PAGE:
We went to one of those big amusement parks. I hate the act of standing in line at theme parks, but I do find the lines intriguing. While a team of engineers designed the rides, a team of social psychologists designed the lines. I'm not sure they are good social psychologists. If they were good psychologists their career paths might not include designing lines.

In the old days, a line was a line and you stood in it and were bored and it was long and miserable and the only interesting thing along the way was the tree were the last seven million people had stuck their gum.

The first thing that happens in these new lines is that you see a sign proclaiming how long the wait is. Whatever it says, it's lying. Either the wait is not that long, or that is the time it takes to get to the first false start.

You go through the turnstiles and are immediately confronted with three choices:

  1. Express Pass
  2. Lone Rider
  3. Idiot

The Express Pass Line

For 1%ers who didn't have to take a second mortgage to pay the park entrance fees.

The Lone Rider Line

For people who couldn't afford to bring their whole families to the park. "Daddy is going to Buckdog World. I can't afford to send you to Buckdog World and to college, and I'm not going to go to college for you, so I will go to the park and you can enjoy the rides vicariously."

The Idiot Line

Long rollercoaster line
Smoke and mirrors, literally and figuratively.

For the rest of us. You pass through a long corridor so it seems as if you are making progress. Then you hit the crowd and have to stand still for several minutes. Eventually you advance to a place where the line goes from one long straightaway to a series of cutbacks. You move through these cutbacks quickly and this gives you the sense you are covering a lot of ground. You are not. But you get to change directions a bunch. You see the same people over and over which gives you ample opportunity to judge those people. You think things such as, "That person won't fit in the ride. That person barely fits in the line."

Next comes the aforementioned "false start." Here you get to a room that shows you a video of what the ride may be like, and generally ends with a mission such as, "You are the only people left who can help Spiderman, Harry Potter and Scooby-Doo save the world. Prepare for the mission!"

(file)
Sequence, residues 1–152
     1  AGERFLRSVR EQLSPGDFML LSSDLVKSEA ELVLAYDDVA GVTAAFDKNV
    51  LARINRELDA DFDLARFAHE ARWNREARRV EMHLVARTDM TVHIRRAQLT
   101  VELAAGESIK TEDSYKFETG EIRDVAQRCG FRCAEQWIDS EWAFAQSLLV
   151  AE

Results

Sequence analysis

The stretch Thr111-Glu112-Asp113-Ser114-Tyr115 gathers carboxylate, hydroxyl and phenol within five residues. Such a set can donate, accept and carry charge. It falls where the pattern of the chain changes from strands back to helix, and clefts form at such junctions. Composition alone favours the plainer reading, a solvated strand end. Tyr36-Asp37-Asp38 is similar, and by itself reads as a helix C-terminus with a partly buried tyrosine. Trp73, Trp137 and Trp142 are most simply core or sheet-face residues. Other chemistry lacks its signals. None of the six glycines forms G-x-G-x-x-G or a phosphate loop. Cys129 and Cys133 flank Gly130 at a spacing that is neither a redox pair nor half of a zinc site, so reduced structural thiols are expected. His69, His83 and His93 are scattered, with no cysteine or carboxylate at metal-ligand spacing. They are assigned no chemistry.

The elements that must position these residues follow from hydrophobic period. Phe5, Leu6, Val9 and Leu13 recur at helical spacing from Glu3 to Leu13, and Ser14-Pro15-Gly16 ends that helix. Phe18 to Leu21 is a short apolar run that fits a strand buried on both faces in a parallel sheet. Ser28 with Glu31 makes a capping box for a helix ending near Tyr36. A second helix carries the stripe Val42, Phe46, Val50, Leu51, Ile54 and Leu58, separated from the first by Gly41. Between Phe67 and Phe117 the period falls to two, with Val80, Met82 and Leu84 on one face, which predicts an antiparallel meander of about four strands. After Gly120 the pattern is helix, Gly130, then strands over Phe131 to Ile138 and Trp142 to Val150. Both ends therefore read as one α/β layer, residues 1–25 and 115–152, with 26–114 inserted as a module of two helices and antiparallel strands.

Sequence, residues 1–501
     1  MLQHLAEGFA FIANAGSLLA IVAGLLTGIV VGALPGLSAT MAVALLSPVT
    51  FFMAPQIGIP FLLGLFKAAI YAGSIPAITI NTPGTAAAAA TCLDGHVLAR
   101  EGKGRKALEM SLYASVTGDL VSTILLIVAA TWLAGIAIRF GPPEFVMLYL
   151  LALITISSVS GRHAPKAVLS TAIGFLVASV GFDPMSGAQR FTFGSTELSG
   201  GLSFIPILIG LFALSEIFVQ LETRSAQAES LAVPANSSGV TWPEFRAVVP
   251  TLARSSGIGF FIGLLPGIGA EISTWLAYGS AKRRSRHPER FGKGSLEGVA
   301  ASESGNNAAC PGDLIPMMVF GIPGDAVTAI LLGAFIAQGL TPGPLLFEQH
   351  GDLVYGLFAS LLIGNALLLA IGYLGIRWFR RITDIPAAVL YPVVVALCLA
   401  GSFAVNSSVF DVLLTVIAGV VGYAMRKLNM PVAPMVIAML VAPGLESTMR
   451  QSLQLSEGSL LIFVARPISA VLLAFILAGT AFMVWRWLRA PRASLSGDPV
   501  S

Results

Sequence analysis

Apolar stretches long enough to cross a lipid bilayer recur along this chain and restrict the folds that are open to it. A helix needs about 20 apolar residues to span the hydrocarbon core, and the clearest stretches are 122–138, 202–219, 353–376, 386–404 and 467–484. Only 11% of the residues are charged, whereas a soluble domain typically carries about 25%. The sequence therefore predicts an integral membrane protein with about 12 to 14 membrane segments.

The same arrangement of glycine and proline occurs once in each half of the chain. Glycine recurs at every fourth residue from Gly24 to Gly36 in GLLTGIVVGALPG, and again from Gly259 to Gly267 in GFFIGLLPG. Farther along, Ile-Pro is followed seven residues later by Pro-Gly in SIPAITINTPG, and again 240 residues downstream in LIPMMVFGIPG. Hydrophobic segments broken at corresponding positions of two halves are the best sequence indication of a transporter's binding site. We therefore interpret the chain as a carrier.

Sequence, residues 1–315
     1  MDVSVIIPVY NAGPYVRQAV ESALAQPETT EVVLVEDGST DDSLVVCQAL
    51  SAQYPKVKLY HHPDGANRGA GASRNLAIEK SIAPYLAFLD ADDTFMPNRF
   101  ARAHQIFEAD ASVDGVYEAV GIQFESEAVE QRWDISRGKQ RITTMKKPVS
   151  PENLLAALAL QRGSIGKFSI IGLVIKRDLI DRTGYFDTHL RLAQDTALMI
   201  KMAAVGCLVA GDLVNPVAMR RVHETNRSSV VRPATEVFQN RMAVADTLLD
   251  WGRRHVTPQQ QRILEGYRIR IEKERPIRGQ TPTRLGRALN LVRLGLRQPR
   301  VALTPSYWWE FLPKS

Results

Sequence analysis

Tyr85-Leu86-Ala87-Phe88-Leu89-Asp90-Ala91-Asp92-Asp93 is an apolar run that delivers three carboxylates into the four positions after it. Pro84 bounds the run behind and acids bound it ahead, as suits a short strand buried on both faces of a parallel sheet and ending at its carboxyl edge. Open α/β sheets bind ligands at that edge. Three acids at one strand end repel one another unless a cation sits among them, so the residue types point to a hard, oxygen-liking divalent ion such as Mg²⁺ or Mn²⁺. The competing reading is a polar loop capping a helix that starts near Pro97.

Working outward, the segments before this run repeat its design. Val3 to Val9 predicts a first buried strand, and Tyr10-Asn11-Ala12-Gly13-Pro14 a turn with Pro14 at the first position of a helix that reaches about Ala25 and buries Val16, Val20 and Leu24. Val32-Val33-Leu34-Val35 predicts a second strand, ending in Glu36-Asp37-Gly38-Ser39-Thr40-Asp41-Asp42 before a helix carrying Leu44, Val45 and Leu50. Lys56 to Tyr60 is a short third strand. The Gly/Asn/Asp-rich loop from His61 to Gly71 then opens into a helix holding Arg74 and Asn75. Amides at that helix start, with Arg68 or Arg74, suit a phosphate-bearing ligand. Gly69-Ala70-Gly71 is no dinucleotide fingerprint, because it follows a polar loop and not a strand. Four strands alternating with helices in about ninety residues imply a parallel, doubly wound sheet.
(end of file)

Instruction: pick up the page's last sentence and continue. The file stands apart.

"Prepare for the mission," is code for, "You still have a long time to wait, sucker."

The video invites you to enter the transporter or the space ship. Giant elevator type doors open. You and 600 other wretched people crowd in. The doors close. Lights flash, the floor rises and lowers to give you the sensation of movement. Smoke blows in. Just when you are sure you have arrived at the ride, other doors open and you are ushered into a new area, ten feet from where you just were, and you are required to line back up.

You are issued 3-D glasses. This is simply another distraction to make you believe you are almost there. You are not almost there, but the 3-D glasses make the end look nearer.

The designers of these lines want you to be goal-oriented, but they don't want that goal to be getting to the ride. They want you to develop short-term, achievable goals. They put you in a hallway with baseboard heaters and a temperature of 108?, but they also mount a fan on the wall 200 yards ahead so that you start thinking, "Man, if I could just get to that fan I could feel some cold air." Then, when you get to the fan, it's -38? and they jam the line there until you are shivering so much you just want to be hot again, at which point they drop you into a greenhouse. From there you enter the room where the water is up to your chin, followed by the Plush Towel, Desert Sandstorm, Summer Shower, Arctic Trek, and Mosquito & Blackfly sections of the line.

By the time you get to the ride, the movie or book it is based on is no longer trendy, you've read and watched the sequel on your phone, and the producer has sold the rights to an entirely different amusement park so the ride you set out to enjoy has been shuttered and you are awarded a free pass to the Express line, valid at any ride in the park except the popular ones.

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